People were lining up to hug police officers in Dallas last night. It was a stark contrast to elsewhere in the nation, where Black Lives Matter chose to go on with their protests in nearly every major city, and chose to keep their chant, “No justice, no peace.” Tone-def.
This in the wake of 5 officers kills and 7 wounded in Dallas, and a similar incident in Tennessee where a former black vet started buck-shooting victims at a hotel and on the streets. Like the Dallas shooter, the Tennessee man had just one agenda: kill whitey.
For a few days before the Dallas event, I was seeing all sorts of commentary on Twitter and Faceback from black friends and others I follow. The tension was rising by the hour. People were expressing their anger and their rage, and posting shit like “I’m going to marry a black man and love and live him and love him because this world surely don’t” to “I don’t think America gon get it unless white blood gets spilt.” The rhetoric was escalating constantly, and growing in amplification.
Black people are upset, understandably, that there are so many reports of black men getting killed by cops. They started out with the cultural critiques that the justice system is racist, and that these shooting incidents were evidence of such. They created a group, Black Lives Matter, that seeks to amplify these incidents when then happen. They get a lot of black people whipped up into a frenzy to protest against police brutality.
What they aren’t accounting for is the effect this onslaught of pumping the prime of fear is having on young black people. The Black Twitterverse is like a national Main Street that many black people cruise. If all they hear on the vine is that another black man was shot–even if it turns out to be a justifiable shooting–then their fear and pain escalates.
Keep in mind that, yes, there is a lot of death among certain segments of the larger black diaspora in America, though these deaths are often attributable to crime in the community and the lifestyle choices poor young black men are making. Doesn’t it seem reasonable that they would connect all of these dots in the middle of a whirlwind of amplified rhetoric, and feel like they are at risk? And do all people at risk correctly identify the source of the risk? No, and definitely not if the persons posing the most risk are people you encounter in your own homes or neighborhoods, or if you yourself are doing things that create this risk. Rare is the individual who can master that kind of accountability for themselves or for their neighborhoods. I don’t blame most people in this; they are merely reacting to something that has been presented in such a way as to provoke their ire.
So while the fear of all the killing in the black community is creating a profound fear of outsiders and amplifying the true risk, it is deliberately spun in such a way to make the people least likely to do it the most responsible for it. It’s a special kind of hate that gets replicated mindlessly, thus amplified, and then we get the kind of escalation we saw in Dallas. What it looks like is a desire to get rid of policing in general.
Most white people, on the other side, tend to be sympathetic when these cop-kills stories come out, and they can support things like better training for police officers, the notions behind community policing, etc. Where their fear comes in is that they recognize the value of police officers, and they want good police on the ground. They know that there are some very evil, criminally minded people, and police are necessary to protect law-abiders from these kinds of people. But they perceive, based on the reckless, amplified message coming from BLM and its supporters, that the end goal is either no police force, or a police force without guns. When you see people hashtagging #AllLivesMatter or #BlueLivesMatter, this is the fear they are expressing.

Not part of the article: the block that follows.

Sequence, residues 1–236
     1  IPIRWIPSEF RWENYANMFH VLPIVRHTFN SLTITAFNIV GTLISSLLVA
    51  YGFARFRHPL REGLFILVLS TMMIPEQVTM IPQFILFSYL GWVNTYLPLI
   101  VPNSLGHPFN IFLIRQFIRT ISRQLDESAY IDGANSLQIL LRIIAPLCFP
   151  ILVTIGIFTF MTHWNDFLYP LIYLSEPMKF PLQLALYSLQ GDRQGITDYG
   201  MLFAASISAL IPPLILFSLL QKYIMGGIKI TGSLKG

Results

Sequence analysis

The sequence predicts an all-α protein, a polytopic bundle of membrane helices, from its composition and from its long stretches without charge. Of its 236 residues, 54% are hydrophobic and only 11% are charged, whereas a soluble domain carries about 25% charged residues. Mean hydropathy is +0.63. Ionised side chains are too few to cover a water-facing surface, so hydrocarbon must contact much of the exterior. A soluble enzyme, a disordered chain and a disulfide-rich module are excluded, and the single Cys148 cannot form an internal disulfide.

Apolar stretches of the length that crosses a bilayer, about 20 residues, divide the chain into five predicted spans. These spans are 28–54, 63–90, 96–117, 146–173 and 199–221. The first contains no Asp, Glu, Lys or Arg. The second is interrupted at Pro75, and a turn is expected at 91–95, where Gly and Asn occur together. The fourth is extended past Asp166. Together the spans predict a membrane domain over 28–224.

Just as with the Black Twitterverse amplifiers, these white folks have justifiable fear. Society will break down without any kind of policing. The end game is Anarchy, of course. They are not always very sophisticated in expressing their fear, and especially on Twitter, the conventional tone seems to be inchoate rage. So they express things hostilely that would be much better communicated with reasons, and the whole thing escalates even more.
That’s what I’m seeing a lot of. It frustrated me to no end to hear Loretta Lynch try to talk about one America with shared lives and experiences, because that is not true. There are 4 or 5 Americas and the boundary lines fall around geographical differences (urban vs rural vs suburban), class (rich, middle, working class, and poor), and around other demographic identities such as race, sexual orientation, religion, political allegiances, etc.
We’re not going to get past this until we can break various logjams set up across our vast national culture. Yes, better training for cops. But also better training for young people today so they can see that we literally do no live in the 1950s anymore, that most of their lives are better, and equal to other Americans. Greater communication and fewer judgement about people who are different from you would help. This applies to the disgusting prejudges expressed about people living in the south or in rural areas. More exposure to people who are not like you, who are not white, black, Asian, Hispanic, Catholic, Baptist, Muslim, atheist, hillbilly, suburbanite, urbanite–these would be a start.
We like to believe the story of America being a melting pot, and it’s a beautiful dream. But it will never come to fruition as long we continue to self-segregate and scream past each other. Dallas got it right today. Faced with a terrible evil, they diffused it in a timely fashion, minimizing the loss of life. In the aftermath, they came together from all walks of life to express their common humanity and grieve together over those lost. May it be a lesson and model for us all.